As the primary rite of passage into the world of academe and some professions, where traditions run deep and change comes slowly, the CV is much less fickle than its common cousin, the résumé. Intended to establish the expertise of the applicant by virtue of their experience in a specific field of study, the CV expands over time – the more pages, the more expertise and accomplishment to consider. While CVs of new academics usually average 4-6 pages, the CV of a more senior professor can exceed 20 pages depending on their rate of publication.
The content of a CV tends to be less descriptive than that of a résumé, mainly because the applicant and reader both share the same understanding as to what is involved in activities such as teaching and publishing. Under the headings such as ‘Education’, ‘Research’, and ‘Teaching’, applicants typically list the required information with little explanatory detail.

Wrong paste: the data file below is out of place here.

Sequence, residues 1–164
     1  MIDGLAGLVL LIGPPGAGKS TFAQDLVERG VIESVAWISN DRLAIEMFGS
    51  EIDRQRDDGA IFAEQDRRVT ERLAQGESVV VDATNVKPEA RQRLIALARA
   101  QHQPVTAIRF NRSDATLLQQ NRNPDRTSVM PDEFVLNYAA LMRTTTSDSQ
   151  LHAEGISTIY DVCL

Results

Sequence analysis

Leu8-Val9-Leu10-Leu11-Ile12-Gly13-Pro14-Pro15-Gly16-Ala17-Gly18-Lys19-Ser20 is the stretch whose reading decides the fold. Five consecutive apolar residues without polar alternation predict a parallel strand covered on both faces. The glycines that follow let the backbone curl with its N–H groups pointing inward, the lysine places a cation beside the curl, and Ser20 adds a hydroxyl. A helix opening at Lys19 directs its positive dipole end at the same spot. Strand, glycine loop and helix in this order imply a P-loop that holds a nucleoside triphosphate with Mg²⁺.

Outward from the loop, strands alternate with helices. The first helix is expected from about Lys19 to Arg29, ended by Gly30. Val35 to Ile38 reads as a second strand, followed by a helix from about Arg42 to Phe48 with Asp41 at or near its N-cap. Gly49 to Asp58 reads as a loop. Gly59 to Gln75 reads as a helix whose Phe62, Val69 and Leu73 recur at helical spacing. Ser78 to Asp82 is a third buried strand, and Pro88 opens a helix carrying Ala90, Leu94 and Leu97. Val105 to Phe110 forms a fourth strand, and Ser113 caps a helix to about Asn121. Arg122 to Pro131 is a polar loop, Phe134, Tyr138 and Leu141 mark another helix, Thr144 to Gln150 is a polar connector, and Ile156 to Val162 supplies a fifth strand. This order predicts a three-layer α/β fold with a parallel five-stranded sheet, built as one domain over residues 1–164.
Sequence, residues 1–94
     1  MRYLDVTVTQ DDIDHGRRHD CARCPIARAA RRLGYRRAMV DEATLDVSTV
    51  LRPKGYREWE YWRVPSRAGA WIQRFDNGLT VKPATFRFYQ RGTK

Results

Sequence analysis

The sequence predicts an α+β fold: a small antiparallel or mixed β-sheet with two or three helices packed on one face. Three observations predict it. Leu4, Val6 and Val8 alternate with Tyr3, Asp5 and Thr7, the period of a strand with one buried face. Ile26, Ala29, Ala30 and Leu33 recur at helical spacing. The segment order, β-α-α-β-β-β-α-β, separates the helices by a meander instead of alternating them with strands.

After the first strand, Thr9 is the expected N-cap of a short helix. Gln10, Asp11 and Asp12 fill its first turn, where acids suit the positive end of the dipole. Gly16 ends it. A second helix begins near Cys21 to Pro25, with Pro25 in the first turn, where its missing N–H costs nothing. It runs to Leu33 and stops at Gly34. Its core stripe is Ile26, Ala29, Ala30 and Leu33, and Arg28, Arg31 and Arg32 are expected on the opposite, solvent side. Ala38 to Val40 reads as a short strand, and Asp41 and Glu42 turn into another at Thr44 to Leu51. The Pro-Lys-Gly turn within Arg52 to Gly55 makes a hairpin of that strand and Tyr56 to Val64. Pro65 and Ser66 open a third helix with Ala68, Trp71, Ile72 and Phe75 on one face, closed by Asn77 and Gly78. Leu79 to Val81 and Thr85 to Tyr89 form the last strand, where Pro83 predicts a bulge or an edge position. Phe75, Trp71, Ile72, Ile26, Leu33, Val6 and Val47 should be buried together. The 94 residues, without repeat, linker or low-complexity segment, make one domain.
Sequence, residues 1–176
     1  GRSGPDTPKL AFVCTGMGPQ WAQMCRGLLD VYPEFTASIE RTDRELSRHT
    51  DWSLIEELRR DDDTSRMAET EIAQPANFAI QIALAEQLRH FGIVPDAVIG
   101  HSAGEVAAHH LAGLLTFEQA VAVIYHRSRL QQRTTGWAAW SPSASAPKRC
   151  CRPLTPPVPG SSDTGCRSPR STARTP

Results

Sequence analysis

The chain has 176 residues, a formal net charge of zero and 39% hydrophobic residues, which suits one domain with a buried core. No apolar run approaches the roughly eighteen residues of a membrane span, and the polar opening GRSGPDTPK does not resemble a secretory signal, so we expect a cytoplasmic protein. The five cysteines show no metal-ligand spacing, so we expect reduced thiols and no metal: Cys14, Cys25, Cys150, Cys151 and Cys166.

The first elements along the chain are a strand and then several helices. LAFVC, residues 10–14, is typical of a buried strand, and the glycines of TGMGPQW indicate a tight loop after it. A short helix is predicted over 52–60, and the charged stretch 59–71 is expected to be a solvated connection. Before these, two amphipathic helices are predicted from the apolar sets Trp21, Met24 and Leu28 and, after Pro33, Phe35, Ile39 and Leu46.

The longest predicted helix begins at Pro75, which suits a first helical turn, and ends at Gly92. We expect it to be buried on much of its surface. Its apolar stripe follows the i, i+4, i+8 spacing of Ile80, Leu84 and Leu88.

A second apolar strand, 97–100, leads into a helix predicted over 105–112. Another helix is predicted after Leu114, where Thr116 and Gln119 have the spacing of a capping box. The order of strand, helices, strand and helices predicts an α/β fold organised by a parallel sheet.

Outside academe, where people frequently move from one occupation or sector to another, it is often necessary to explain the relevancy of previous accomplishments and responsibilities to prospective employers who may be unsure of the transferability of past experiences to their context. Given limitations on time and attention, this is no small feat.
This is where ABDs and PhDs applying to non-academic positions tend to run into trouble. Assuming they have done their homework and identified organizations and positions where they feel they can make a valuable contribution, they are often at a loss
as to how to describe their abilities and knowledge in anything other than academic terms. Naively, such applicants often resort to submitting CVs to these positions, reasoning that this is where their expertise is most readily established. For most employers, the weight of your credentials isn’t the issue, but rather how precisely your skills and experience align with their particular needs.